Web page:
2. The IEP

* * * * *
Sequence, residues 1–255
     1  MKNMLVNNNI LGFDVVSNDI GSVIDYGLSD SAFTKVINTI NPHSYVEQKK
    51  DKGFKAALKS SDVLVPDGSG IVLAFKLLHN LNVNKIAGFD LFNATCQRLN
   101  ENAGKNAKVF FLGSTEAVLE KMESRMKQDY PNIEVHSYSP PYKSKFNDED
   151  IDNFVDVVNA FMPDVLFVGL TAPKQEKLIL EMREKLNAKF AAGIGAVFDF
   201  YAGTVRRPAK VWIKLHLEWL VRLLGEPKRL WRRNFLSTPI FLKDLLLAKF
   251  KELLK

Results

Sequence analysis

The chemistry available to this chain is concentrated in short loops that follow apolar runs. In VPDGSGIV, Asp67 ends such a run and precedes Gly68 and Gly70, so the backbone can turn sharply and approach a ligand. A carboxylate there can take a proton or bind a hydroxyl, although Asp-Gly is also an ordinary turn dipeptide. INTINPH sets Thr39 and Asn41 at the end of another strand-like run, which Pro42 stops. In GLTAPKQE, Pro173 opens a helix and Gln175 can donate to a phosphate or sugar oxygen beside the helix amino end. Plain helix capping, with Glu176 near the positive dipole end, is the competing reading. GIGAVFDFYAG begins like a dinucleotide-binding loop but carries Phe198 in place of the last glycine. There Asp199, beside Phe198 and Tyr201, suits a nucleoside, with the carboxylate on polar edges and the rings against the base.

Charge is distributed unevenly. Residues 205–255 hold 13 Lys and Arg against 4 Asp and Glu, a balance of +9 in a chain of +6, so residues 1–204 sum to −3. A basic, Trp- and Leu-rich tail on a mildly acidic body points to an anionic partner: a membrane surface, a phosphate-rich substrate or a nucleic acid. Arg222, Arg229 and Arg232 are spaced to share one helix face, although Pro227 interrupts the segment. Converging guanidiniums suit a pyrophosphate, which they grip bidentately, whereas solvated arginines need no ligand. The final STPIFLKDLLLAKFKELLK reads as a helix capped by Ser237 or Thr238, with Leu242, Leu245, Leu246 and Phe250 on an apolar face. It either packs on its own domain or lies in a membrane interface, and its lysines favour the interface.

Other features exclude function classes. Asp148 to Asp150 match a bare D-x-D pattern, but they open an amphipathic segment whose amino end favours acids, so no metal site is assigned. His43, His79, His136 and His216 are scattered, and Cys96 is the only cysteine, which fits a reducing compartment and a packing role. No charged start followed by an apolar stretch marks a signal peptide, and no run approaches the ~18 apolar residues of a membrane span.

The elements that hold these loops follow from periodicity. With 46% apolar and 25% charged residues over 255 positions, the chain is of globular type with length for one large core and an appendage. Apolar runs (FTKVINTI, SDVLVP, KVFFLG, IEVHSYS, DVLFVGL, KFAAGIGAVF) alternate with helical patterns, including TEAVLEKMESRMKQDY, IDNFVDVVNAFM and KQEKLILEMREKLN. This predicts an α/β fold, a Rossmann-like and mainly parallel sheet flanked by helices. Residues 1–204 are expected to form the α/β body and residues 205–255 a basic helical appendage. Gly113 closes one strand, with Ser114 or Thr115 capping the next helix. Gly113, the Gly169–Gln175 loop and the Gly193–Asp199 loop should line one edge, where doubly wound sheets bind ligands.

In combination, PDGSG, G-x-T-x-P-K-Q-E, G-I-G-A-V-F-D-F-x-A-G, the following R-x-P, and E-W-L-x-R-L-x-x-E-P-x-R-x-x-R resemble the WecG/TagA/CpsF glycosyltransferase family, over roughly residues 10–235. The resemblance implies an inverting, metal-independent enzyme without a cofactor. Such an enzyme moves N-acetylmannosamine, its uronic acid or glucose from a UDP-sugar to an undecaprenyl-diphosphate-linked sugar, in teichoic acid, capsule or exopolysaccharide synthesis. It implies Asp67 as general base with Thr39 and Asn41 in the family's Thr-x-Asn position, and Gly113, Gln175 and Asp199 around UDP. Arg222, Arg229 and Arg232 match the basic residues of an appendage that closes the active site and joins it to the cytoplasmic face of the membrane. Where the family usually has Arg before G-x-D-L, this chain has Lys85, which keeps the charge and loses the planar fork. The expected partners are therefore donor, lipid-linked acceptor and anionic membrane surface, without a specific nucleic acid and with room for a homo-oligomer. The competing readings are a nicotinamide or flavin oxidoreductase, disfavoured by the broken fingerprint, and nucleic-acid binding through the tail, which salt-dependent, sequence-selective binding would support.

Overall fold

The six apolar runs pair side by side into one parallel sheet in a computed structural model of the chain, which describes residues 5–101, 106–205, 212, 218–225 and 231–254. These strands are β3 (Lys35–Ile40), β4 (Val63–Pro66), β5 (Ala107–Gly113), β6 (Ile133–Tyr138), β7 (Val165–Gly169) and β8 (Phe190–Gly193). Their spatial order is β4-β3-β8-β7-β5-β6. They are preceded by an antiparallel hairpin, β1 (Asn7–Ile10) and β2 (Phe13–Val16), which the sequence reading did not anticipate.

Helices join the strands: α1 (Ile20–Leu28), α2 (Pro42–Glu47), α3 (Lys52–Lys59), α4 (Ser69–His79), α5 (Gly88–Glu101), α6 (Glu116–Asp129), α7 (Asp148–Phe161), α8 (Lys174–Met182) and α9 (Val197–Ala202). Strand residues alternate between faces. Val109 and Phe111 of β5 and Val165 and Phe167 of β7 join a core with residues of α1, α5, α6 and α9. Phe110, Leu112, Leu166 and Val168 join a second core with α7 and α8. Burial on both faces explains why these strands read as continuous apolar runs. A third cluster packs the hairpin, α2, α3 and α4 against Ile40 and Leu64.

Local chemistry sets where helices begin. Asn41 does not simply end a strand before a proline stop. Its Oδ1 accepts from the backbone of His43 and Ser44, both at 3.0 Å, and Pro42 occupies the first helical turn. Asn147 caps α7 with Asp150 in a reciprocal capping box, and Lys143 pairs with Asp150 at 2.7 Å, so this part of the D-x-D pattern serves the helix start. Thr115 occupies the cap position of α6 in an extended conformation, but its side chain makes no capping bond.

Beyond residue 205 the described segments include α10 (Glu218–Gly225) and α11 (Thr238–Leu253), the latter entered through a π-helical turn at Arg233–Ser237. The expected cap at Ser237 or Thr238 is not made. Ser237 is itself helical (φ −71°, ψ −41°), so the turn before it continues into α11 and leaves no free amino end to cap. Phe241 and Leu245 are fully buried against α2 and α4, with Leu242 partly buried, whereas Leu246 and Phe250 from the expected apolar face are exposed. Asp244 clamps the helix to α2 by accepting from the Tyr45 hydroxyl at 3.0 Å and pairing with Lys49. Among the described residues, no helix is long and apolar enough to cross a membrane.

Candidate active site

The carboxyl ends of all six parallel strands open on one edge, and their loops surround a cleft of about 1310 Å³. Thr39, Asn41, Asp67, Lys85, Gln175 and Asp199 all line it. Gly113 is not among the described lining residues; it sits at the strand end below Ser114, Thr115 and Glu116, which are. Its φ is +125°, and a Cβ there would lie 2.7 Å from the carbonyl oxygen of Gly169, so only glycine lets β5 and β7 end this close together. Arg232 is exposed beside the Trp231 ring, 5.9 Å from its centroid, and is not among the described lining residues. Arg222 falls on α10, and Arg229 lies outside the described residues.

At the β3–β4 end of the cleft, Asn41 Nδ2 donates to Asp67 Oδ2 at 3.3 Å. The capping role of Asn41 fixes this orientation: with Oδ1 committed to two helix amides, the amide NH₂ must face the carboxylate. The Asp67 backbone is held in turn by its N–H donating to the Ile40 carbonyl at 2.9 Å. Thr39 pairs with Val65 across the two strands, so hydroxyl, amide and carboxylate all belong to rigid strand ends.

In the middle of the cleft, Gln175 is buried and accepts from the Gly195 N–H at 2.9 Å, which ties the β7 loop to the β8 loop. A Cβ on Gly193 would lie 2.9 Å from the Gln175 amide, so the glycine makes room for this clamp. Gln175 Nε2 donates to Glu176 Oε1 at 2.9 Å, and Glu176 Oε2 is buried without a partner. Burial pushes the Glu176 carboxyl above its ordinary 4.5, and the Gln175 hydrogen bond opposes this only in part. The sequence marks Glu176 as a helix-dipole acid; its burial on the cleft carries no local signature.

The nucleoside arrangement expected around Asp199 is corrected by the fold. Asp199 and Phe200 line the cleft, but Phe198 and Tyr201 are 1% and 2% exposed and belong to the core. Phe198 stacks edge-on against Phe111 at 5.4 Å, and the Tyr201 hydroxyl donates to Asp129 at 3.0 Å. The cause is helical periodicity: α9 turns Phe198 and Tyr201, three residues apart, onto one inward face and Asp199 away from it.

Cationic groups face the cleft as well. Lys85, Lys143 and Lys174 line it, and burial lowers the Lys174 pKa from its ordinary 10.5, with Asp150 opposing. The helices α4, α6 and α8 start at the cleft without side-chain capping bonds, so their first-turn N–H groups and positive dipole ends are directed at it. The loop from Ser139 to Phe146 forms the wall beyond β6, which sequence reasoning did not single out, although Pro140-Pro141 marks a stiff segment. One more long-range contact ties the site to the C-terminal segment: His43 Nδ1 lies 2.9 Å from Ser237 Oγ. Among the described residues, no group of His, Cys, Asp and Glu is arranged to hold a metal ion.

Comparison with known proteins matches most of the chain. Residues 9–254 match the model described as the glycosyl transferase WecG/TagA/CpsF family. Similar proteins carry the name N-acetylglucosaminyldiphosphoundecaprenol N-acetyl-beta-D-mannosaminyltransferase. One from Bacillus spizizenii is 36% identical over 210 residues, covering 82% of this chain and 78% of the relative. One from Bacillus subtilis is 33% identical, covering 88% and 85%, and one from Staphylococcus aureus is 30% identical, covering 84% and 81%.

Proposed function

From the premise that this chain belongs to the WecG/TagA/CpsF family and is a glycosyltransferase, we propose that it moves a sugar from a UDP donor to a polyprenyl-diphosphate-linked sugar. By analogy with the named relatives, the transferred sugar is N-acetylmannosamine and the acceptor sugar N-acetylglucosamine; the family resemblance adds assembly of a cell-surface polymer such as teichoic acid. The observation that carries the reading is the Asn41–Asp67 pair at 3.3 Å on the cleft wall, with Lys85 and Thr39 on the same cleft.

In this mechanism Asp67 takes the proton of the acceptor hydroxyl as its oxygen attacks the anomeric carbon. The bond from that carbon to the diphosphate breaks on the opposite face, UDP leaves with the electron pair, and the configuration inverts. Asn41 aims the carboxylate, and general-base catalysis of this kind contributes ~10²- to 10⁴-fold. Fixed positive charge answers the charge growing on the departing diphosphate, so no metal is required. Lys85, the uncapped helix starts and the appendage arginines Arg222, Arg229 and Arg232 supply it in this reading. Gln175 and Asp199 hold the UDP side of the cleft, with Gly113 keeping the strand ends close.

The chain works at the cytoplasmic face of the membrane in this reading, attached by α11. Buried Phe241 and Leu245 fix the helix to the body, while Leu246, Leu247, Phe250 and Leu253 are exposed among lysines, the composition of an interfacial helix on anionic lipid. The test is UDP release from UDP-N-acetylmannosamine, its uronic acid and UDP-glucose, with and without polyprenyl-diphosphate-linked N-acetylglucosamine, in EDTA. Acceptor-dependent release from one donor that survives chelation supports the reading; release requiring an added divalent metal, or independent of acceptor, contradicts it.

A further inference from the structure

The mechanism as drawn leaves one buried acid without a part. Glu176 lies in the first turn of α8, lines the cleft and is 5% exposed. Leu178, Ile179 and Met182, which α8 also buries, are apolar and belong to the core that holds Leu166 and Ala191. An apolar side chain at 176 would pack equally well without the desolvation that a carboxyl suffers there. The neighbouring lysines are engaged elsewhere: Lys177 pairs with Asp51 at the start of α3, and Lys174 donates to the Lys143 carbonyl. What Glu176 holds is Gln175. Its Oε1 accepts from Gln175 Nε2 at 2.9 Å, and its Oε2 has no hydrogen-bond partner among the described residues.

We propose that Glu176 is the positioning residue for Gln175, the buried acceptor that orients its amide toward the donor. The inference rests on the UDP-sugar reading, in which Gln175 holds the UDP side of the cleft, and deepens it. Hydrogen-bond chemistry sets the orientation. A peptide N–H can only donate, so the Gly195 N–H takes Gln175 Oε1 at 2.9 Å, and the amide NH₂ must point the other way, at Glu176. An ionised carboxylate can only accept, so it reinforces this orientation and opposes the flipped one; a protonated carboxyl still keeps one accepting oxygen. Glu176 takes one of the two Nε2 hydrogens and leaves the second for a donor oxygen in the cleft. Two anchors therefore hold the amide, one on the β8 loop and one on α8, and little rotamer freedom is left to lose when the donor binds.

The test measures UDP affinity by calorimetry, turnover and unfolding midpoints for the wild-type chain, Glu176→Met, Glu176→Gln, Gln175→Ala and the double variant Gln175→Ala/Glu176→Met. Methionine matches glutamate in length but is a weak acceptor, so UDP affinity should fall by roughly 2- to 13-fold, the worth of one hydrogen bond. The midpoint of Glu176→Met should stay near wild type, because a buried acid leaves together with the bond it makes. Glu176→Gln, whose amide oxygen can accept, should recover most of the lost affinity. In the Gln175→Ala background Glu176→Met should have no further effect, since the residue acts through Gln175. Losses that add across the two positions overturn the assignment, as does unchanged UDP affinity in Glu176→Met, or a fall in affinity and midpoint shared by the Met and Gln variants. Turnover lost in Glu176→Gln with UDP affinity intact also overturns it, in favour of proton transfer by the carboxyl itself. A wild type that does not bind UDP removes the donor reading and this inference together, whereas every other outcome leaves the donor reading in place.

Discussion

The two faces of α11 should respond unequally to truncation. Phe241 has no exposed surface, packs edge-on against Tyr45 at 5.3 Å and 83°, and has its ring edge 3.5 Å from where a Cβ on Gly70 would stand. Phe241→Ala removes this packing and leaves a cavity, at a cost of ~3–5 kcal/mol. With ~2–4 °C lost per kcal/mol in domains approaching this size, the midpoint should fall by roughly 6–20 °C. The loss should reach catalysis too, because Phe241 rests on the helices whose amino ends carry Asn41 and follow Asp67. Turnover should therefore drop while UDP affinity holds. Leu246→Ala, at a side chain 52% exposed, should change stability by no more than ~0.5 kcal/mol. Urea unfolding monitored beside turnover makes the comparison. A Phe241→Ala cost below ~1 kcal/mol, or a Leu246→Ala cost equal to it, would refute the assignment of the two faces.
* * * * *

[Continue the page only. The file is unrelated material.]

On April 30, 2008, a CSE met to create an IEP for E.Z.-L. for the 2008–09 school year. Present at the meeting were Feng Ye, a special education teacher acting as the Department's representative; a Department general education teacher; a parent representative; a social worker from the Rebecca School; and Rebecca Starr, E.Z.-L.'s teacher at the Rebecca School. The CSE reviewed numerous documents from the Rebecca School and private clinicians, including a January 2, 2008 occupational therapy progress report, which described E.Z.-L .' s ability to use a sensory gym; a January 2008 progress report from the Rebecca School detailing E.Z.-L.'s progress in a number of areas; a February 6, 2008 speech and language progress report recommending continued speech interventions; a March 30, 2008 occupational therapy progress report, which recommended occupational therapy three times per week individually and once per week in a dyad (group of two); an April 2008 speech and language progress report, which recommended continued speech and language therapy in three 30–minute sessions per week (two sessions individually, one in a dyad); and a May 2008 progress report, which showed notable progress in most areas.